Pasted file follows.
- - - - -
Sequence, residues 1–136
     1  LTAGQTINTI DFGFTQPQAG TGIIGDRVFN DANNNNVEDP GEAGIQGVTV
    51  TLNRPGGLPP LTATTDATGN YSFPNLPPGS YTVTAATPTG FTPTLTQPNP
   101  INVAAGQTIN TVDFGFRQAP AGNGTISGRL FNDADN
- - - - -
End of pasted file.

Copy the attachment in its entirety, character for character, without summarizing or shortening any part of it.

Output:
Sequence, residues 1–136
     1  LTAGQTINTI DFGFTQPQAG TGIIGDRVFN DANNNNVEDP GEAGIQGVTV
    51  TLNRPGGLPP LTATTDATGN YSFPNLPPGS YTVTAATPTG FTPTLTQPNP
   101  INVAAGQTIN TVDFGFRQAP AGNGTISGRL FNDADN